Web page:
Investing for the End of Globalization

The fundamentals that underlie the stock market have been changing. That set of changes may make prolonged bull markets less likely going forward. As noted in an MSN article, the perfect bull market cocktail that we have experienced for four decades is ending. Historically low interest rates that drove much of the bull market after 2009 are gone, the US and EU aim to bring critical industries back onshore, and major demographic shifts are likely to reduce productivity across the world. Investors will need to use strategies such as investing for the end of globalization.

Era of Globalization

In 2018 e-commerce titan Alibaba moved its headquarters to Xi’an, China. Aside from any practical business advantages the move entailed, it was highly symbolic. Xi’an was the start of the Silk Road for commerce in and out of China with the Middle East and Europe. This was the first hint of globalization. Economists say that there have actually been three or more waves of globalization of which we are now in the slowing phase of the most recent wave. In the Age of Discovery, sailing ships from Europe crossed the globe and brought back exotic goods to Europe. During the Industrial Revolution and into the 20th century the West and later Japan and the Asian Tigers extracted cheap raw materials from less developed economies and sold manufactured goods. Finally, China emerged from its cocoon of isolation and with a mammoth population, cheap labor, and extensive investment from the West, grew to be the world’s dominant industrial power.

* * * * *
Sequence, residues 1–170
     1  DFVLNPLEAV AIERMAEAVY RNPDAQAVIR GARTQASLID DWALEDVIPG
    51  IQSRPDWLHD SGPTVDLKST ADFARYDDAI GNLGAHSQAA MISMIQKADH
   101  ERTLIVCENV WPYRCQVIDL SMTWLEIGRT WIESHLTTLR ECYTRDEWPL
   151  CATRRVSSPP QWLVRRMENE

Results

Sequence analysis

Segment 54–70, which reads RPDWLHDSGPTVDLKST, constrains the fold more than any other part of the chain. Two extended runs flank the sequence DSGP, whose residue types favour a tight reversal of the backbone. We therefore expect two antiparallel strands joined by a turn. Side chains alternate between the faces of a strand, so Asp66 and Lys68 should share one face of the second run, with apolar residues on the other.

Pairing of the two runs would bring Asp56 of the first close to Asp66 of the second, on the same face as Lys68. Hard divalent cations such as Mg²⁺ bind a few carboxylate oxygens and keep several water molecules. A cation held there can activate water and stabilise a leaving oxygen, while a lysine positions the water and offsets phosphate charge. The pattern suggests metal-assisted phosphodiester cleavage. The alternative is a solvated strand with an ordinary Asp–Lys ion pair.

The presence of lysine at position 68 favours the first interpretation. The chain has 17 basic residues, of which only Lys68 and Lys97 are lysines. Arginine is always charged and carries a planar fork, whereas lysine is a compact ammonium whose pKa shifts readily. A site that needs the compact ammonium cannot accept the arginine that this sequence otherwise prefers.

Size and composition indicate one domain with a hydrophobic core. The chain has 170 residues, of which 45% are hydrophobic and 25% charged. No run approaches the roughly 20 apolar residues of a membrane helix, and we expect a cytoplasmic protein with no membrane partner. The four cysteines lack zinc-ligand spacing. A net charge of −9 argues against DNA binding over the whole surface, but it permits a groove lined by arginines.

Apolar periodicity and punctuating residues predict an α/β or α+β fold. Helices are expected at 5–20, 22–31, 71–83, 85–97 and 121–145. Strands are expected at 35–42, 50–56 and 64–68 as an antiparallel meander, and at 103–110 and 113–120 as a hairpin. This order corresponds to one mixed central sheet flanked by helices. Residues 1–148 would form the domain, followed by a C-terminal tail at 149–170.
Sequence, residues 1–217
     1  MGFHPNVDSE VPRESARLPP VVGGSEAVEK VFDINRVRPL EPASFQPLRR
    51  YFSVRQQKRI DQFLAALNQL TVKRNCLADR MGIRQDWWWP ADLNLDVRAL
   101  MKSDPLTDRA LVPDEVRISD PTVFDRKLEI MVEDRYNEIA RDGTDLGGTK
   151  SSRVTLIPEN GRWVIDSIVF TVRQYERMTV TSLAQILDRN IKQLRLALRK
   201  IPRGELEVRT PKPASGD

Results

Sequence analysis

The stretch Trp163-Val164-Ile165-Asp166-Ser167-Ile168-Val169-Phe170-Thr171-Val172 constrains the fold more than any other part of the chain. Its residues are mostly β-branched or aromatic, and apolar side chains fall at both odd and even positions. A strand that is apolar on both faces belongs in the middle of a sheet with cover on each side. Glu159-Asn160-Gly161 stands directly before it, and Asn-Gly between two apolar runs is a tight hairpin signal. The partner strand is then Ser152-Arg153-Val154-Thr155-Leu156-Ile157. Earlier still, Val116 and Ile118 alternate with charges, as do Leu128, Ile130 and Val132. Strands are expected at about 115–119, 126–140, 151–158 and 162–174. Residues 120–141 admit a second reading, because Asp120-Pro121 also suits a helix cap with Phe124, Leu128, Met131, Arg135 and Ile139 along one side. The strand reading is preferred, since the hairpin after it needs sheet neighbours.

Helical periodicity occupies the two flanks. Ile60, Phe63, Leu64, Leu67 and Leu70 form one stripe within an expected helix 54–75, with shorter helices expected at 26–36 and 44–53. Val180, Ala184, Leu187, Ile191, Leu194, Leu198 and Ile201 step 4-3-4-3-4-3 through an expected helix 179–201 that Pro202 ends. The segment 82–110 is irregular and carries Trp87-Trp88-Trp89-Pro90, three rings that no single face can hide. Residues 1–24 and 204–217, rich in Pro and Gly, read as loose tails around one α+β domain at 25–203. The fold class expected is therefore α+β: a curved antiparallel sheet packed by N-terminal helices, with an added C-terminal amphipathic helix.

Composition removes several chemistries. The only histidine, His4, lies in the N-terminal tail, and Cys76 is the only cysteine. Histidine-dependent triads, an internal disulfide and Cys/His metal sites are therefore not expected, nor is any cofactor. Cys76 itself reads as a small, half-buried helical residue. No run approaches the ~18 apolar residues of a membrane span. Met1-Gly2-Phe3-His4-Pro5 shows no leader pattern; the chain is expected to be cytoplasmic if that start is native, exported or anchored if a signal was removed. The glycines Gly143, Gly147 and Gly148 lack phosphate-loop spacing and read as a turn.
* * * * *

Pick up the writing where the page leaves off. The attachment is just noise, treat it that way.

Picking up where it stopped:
Benefits of Globalization

Businesses in the US and Europe quickly saw the advantages of outsourcing production to China. Labor was cheap. Japan pitched in to help develop efficient management systems, Japan and German helped with technology to make assembly lines, high speed rail transit, and other advances more efficient and profitable. Investors far and wide poured money into China as shown by stats for foreign direct investment in China. The result was increased profits for companies that outsourced to China in terms of lower labor costs. Consumers across the world got access to consumer goods at lower prices. China grew to be the world’s dominate manufacturing power.

Investing for the End of Globalization

Downsides of Globalization

As whole industries pivoted to China and the Chinese government directly favored what they considered to be critical industries, the US and Europe saw the loss of industries and skill sets on a scale never seen before outside of war. Starting in 1990 and accelerating after China joined the World Trade Organization in 2001 the US lost in excess of two and a half million manufacturing jobs and a generation of critical skills. US and EU military and strategic planners worried about dependence of the West on critical materials, products, and technology from China. When the Covid Pandemic hit full force, dependence of China for things as common as protective masks and aspirin became problems. The computer chip shortages that drove consumer prices up were, at least in part, caused by unending city-wide lockdowns due to China’s zero Covid policy.